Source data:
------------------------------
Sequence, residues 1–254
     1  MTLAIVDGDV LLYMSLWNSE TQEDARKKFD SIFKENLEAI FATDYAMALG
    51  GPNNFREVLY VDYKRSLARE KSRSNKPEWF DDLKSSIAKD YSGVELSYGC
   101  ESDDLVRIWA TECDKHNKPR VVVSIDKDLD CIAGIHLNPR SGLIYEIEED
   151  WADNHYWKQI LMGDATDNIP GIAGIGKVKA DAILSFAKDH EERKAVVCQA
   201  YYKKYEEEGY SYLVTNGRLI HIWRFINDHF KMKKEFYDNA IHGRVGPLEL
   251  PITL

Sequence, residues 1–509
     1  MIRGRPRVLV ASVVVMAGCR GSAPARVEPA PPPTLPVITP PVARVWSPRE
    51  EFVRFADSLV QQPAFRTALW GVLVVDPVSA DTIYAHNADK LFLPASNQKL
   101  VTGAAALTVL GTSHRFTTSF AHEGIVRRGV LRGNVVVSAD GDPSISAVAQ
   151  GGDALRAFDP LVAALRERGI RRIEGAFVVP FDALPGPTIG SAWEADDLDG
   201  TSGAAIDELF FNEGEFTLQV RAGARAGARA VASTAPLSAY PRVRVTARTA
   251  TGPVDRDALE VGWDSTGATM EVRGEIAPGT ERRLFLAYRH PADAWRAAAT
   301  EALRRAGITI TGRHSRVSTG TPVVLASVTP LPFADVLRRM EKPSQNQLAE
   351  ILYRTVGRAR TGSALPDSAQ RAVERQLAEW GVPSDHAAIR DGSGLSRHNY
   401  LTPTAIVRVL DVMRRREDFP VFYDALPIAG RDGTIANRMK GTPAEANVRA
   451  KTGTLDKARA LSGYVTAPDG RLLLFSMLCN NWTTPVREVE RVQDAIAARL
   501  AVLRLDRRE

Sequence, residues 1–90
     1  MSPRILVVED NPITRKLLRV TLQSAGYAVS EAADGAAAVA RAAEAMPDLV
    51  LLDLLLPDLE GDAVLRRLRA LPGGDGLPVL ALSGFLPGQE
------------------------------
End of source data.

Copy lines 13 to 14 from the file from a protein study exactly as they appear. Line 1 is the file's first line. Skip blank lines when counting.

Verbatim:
   201  TSGAAIDELF FNEGEFTLQV RAGARAGARA VASTAPLSAY PRVRVTARTA
   251  TGPVDRDALE VGWDSTGATM EVRGEIAPGT ERRLFLAYRH PADAWRAAAT